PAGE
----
Yes hopefully the CDC will be clear and decisive.  And then I hope that these recommendations are the high-level roadmap that the states all follow.   But why do I have a sinking feeling that it will be much more complicated and political and chaotic than that?  hmmmm....

https://www.cbsnews.com/news/coronavirus-vaccine-governors-determine-priority-health-secretary-alex-azar/

You are unfortunately accurate in your prediction.

 

Florida leadership is doubling down on the lack of Covid 19 controls.

 

The University of South Florida MD/epidemiologist  (his name escapes me) just came out with a forecast of Florida hitting, once again, 15,000 new cases of Covid 19 a day in the second week of January.

 

I have concerns that cruising can not be restarted from Florida anytime in the next six months as cruiselines will find it difficult to board passengers that are unexposed to Covid 19.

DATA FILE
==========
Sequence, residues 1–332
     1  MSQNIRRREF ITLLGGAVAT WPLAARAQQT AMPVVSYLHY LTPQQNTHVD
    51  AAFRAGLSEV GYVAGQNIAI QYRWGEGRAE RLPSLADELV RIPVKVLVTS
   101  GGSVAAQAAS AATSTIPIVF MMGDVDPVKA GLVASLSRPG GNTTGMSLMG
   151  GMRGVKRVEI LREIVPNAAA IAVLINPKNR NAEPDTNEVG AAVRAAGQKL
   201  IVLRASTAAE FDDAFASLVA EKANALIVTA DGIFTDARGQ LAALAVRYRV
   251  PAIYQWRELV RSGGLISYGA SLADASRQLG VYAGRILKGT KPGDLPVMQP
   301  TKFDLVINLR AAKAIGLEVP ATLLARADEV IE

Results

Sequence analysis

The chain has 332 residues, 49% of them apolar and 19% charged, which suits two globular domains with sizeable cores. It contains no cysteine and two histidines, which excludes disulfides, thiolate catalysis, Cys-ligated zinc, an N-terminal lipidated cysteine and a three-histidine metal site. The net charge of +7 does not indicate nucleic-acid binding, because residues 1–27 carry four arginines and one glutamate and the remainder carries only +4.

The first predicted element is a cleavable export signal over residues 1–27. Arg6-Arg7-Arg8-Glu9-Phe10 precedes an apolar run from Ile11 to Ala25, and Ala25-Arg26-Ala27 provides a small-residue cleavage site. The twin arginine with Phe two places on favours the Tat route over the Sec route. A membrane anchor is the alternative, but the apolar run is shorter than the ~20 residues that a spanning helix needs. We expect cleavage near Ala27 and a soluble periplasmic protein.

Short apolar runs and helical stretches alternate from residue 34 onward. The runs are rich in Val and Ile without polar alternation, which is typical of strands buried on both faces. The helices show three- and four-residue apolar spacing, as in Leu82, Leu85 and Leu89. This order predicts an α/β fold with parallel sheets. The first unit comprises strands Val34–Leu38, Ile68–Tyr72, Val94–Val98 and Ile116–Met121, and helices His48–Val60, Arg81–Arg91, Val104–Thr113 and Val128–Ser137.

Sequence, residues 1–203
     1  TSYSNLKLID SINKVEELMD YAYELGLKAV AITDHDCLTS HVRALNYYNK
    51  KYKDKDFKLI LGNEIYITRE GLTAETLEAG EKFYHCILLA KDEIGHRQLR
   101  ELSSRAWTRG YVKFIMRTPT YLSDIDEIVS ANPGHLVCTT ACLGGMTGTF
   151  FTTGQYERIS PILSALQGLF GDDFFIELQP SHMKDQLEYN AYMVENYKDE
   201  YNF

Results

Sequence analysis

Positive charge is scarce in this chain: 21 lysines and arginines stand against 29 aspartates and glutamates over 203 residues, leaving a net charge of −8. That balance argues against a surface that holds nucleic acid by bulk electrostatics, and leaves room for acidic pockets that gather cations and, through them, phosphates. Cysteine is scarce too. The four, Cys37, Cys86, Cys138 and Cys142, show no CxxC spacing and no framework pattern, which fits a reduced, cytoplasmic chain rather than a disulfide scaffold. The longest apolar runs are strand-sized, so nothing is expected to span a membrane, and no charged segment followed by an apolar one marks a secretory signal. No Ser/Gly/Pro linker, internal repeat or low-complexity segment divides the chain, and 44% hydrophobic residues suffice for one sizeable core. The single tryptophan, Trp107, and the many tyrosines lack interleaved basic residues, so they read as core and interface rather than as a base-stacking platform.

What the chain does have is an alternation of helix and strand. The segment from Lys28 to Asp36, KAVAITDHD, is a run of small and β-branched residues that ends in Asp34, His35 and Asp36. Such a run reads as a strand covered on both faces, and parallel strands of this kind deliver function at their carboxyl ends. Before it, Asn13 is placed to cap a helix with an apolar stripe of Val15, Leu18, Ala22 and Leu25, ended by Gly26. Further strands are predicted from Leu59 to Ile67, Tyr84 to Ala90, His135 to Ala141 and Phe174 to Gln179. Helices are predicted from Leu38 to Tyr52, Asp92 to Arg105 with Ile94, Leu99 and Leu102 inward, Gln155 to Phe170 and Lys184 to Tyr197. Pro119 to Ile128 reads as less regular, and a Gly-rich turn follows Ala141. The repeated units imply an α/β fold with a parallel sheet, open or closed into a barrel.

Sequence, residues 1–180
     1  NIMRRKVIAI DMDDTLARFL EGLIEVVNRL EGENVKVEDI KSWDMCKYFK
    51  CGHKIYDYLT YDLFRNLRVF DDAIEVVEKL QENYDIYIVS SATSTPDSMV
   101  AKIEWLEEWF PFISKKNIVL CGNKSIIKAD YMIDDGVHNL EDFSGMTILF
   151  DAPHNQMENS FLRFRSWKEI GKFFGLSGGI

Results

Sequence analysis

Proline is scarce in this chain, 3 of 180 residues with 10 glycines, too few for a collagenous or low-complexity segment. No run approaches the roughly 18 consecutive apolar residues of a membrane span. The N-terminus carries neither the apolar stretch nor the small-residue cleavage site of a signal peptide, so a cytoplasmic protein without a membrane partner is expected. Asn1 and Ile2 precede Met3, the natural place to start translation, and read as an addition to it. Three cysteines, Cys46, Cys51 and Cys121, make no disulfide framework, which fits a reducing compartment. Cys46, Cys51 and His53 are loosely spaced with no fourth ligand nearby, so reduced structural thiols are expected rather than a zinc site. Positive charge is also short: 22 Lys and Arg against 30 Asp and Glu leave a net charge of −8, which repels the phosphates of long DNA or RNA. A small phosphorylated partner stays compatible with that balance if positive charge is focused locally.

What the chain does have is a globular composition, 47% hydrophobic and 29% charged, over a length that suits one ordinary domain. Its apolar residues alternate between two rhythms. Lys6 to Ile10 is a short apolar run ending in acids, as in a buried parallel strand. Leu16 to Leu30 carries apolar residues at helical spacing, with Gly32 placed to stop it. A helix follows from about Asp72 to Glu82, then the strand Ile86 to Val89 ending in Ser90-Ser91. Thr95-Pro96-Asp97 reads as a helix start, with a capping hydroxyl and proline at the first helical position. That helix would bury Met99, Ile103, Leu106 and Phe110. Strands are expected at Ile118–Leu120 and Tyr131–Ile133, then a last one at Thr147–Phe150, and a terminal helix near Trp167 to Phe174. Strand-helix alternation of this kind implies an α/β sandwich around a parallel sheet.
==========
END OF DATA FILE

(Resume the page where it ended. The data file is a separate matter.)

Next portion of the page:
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42 minutes ago, d9704011 said:

You bet!  I have KTS on Ignore and am hoping that others resist using the Quote button if they feel any need to respond to a post.

Wow, I had no idea there was an ignore button!  Learn something new everyday :) 

Does it hide all posts made by that person?

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9 minutes ago, mimbecky said:

Wow, I had no idea there was an ignore button!  Learn something new everyday 🙂

Does it hide all posts made by that person?

You’ll see a note that you’ve ignored them. You’ll only see their post if someone quotes them. And the new software makes it much easier!

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55 minutes ago, Homosassa said:

You are unfortunately accurate in your prediction.

 

Florida leadership is doubling down on the lack of Covid 19 controls.

 

The University of South Florida MD/epidemiologist  (his name escapes me) just came out with a forecast of Florida hitting, once again, 15,000 new cases of Covid 19 a day in the second week of January.

 

I have concerns that cruising can not be restarted from Florida anytime in the next six months as cruiselines will find it difficult to board passengers that are unexposed to Covid 19.